Description: Offering breathtaking views of the Caribbean Sea, this adults-only all-inclusive resort and spa features endless activities and entertainment, such as outdoor pools, fitness centre, private beach area and various dining options. The Hyatt Zilara Cancun offers everything needed for a memorable stay. Guests can enjoy everything from introductory scuba diving lessons and craft-making and wine tasting classes, to on-site tennis instructors and diving lessons. Guests can enjoy a variety of dishes in one of the 5 speciality restaurants and enjoy refreshing cocktails at the 5 different bars available. There is always something to do at the Hyatt Zilara Cancun. With live nightly entertainment, an on-site library, themed parties and cultural shows, there is something for everyone.

Live Aqua Cancun - All Inclusive Adults Only
Location: Zona Hotelera Cancun
Rating: 5-star
Prices: from AUD591 per room
Description: Offering direct access to Cancún Beach, Live Aqua Cancun - All Inclusive Adults Only features an outdoor swimming pool overlooking the Caribbean Sea. It has attractive rooms with balconies, 9 restaurants, 5 bars and a spa. Each spacious, air-conditioned room at the Live Aqua Cancun has stylish décor with tiled floors. All rooms include a TV, coffee maker, aromatherapy products, a safety-deposit box and a minibar which is refilled daily. The stylish Siete Restaurant serves a range of Mexican cuisine, while European and Asian dishes are on offer in the mb Restaurant. The Azur serves international options set by the pool and overlooking the sea. The Aqua’s extensive spa offers hydrotherapy treatments, massage and aromatherapy. There are also hot tubs and steam baths. There is a gym available, while yoga classes are also available. Located in Cancún’s Hotel Zone, the Live Aqua is set next to Nichupte Lagoon and in front of the popular La Isla shopping centre.

Ritz-Carlton Cancún
Location: Cancun
Rating: 5-star
Prices: from AUD546 per room
Description: The exclusive Ritz-Carlton fronts a 366m-long white-sand beach. This luxury AAA Five Diamond Award winner hotel features 2 outdoor swimming pools, a spa and a private beach. It offers modern rooms equipped with an iPod docking station, CD player and cable TV. Kayantá Spa and Salon offers a wide range of massage therapies, body treatments and facials. There is also a gym and tennis court. Cabanas are available on the hotel’s private beach. The Ritz-Carlton Cancun’s elegant rooms feature a mini bar and work desk. All rooms have a balcony with ocean views. The private bathroom includes a bathrobe, slippers and hairdryer. Dining options range from traditional Asian specialties at The Sushi Bar to Mediterranean cuisine at Fantino. Indoor or outdoor dining is available and cocktails are served at the Lobby Lounge. Just 20-minutes from Cancun International Airport, the Ritz-Carlton can arrange airport and area attraction transportation. Aquaworld, offering boat trips, is 2 km away. The centre of Cancun is 18 km away.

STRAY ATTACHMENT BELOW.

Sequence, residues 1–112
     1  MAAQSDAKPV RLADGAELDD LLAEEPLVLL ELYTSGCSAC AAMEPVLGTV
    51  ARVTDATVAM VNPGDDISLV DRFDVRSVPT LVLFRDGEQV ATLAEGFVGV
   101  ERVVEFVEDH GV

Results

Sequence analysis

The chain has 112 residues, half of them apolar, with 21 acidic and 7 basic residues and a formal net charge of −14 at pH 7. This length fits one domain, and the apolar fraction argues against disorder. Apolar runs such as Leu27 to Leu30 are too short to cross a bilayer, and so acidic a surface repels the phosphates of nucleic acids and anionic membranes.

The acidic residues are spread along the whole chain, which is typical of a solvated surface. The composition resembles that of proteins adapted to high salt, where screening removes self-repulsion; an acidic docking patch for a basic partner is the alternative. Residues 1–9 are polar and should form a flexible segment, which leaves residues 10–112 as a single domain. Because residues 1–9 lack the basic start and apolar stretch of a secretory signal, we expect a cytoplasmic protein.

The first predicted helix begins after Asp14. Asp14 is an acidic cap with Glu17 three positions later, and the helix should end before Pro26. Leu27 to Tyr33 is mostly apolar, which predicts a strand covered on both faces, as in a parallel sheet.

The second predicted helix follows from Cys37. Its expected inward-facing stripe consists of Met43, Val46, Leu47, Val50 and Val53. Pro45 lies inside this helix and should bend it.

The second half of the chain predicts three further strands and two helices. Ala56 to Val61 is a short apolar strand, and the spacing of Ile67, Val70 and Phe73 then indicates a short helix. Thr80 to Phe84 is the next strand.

Grand Fiesta Americana Coral Beach Cancun
Location: Punta Cancun
Rating: 5-star
Prices: from AUD374 per room
Description: This 5-star Cancun luxury hotel features a 40,000-square-foot full-service spa and is located on a secluded beach. The El Meco Mayan Ruins is 11.3 km from the hotel. Grand Fiesta Americana Coral Beach Cancun provides a gym with an ocean view. Nine restaurants and bars are available with room service. Guests may also use the large outdoor pool along with a children’s club. The suites at Grand Fiesta Americana Coral Beach Cancun include ocean front views or partial ocean views. Every suite features a private balcony and a seating area. For the guest’s convenience, a minibar and an in-room safe are also available. Local attractions near the Grand Fiesta Americana Coral Beach Cancun include the Dolphin Discovery Isla Mujeres 11.3 km away. Chichen Itza and Xcaret are within driving distance of this hotel.

Best time to honeymoon in Cancun

The best time to visit Cancun for a beach holiday is during the warm, dry season from December through April, with March the ideal time as it's the driest month and humidity is low.

You can expect sunny, dry days with an average high temperature of 29°C (84°F).

Cancun has a tropical climate with two distinct seasons: a warm, relatively dry season from November through April, and a hot and humid, wet season from May though October.

For more climate info: Cancun Weather Guide

Getting there

Cancún is located on the northeast coast of the Yucatán Peninsula in the state of Quintana Roo in southeast Mexico. The resort city sits on the Caribbean Sea just north of the Riviera Maya.

Cancun lies on a skinny 24km (15mi) long island in the shape of the number ‘7’, and is attached to the mainland by two bridges and separated from it by the Nichupté lagoon.

The most convenient route to Cancun is by air to Cancún International Airport (CUN), located about 20km (12mi) from the hotel zone, around 25 minutes by shuttle bus or taxi.

South of Cancun lies the Riviera Maya, home to some of the hippest beaches on the coast, including Playa del Carmen and Tulum Beach, which nestles beneath an ancient Mayan fortress.

More information on how to get to Cancun

More about Cancun…

More about Mexico…

Latest update: Cancun honeymoon guide: 4 October, 2023